Too depressed to get dressed, she threw on a pair of dirty yoga pants and kept the tank top on that she slept in, which she had also worn the day before. As she rubbed a raging headache, leftover from the marital spat the night before, she felt like just another failing, frumpy mom-wife with a bloated mid-section. Flicking the light on in the bathroom, she glanced at her toothbrush and the stick of deodorant next to it. Her creased eyes squinted at the mirror. What’s the point?
“Chime chicken up,” she softly whispered in her seven-year-old’s sleeping ear. One morning she had told Eve that it was time to get up. Eve said it sounded like her mother had said ‘chime chicken up.’ They had laughed so much, connected from birth like E.T. and Elliot, that it stuck ever since.
As she was standing in the doorway of the pantry deciding what to pack for Eve’s school lunch, she heard the sweet voice behind her say, “I like the way your body is shaped.”
She turned around surprised, “What?”
“I like the way your body is shaped,” Eve repeated, glowing in the pureness of a second-grader. When translated, it meant that a little girl was curious about becoming a woman. That she looked up to her mom. That there was no reason for her not to think her own mother was beautiful, because in her eyes, it didn’t matter what her mother’s stomach looked like when she sat down.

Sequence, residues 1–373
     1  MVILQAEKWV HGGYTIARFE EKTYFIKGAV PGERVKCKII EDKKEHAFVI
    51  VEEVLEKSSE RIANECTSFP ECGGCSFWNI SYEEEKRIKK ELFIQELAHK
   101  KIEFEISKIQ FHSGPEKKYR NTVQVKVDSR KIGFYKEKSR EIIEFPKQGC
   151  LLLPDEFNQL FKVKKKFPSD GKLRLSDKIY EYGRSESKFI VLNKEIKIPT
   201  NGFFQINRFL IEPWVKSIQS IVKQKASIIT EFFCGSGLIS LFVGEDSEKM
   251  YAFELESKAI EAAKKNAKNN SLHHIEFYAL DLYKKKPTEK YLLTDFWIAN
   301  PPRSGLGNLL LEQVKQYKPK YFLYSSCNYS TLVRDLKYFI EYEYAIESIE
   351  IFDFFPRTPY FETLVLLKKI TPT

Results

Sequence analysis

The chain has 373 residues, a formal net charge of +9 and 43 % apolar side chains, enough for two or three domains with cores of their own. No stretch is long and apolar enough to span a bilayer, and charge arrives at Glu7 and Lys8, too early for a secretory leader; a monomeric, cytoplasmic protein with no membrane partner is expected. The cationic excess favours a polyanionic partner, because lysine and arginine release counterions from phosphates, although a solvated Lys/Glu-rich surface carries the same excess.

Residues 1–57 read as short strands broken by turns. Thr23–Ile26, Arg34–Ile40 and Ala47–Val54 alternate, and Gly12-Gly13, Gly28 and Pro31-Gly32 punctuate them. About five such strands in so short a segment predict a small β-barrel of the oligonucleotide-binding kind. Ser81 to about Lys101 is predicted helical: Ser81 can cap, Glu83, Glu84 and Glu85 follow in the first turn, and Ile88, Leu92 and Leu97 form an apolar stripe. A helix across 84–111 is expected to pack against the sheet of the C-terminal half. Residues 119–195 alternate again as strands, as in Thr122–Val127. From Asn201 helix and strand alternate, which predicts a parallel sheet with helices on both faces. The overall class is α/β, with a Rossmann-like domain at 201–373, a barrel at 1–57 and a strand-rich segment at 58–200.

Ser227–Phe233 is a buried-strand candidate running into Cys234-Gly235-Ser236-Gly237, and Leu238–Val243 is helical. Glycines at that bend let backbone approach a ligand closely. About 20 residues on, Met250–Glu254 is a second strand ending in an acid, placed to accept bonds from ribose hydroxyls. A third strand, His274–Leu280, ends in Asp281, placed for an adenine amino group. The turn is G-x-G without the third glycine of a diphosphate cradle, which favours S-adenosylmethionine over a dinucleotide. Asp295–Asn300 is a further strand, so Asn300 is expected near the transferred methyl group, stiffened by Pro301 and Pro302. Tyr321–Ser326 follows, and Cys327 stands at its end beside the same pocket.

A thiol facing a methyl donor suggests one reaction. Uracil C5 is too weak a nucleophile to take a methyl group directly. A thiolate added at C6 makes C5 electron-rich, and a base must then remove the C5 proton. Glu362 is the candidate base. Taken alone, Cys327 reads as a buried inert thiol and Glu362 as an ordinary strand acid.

Quickly transitioning into good-mom mode, instead of disgusted-with-herself mode, she responded with modeling behavior, “Well thank you. I do, too.”
Despite the blatant lie, she instantly realized the power behind it. For a fleeting moment, she felt the freedom of what it could feel like if she sincerely liked the way her body was shaped. It occurred to her that if she can lie to her daughter for the sake of her daughter’s own self-acceptance, perhaps she can start believing her own lie, too, for the sake of her own self-acceptance.
If she were present in her moments, she would have noticed that when Eve looked in the mirror at herself, she complimented herself. At what age do girls learn to hate themselves; to replace confidence with an expectation to be humble and self-loathing for the sake of what others will think if she actually likes herself?
Eve’s innocent voice had once asked her mother, “Why are you putting on make-up? You look pretty without it;” and had once declared in a department store dressing room, “Mom, you look wow!” in that bathing suit. She purchased that one, because what would she be teaching her daughter if she didn’t?
These happen to also be things her husband tells her, but she doesn’t believe a word he says. The fight that had silenced them at bedtime, their opposites pulling against their stubborn attraction, had apparently been forgotten by morning as he energetically entered the room groping at her yoga pants, lusting, “You look like you’re getting younger.”
She thought it must be a conspiracy. “What is wrong with you? Did you and Eve have a make-mom-feel-better meeting this morning?”
“No,” he said, throwing up his hands in his irritated way when she can’t take a compliment.
“Chime chicken up,” she gently whispers in her now 12-year-old’s sleeping ear. Eve silently flicks on the light in the bathroom. Staring in the mirror. Berating herself.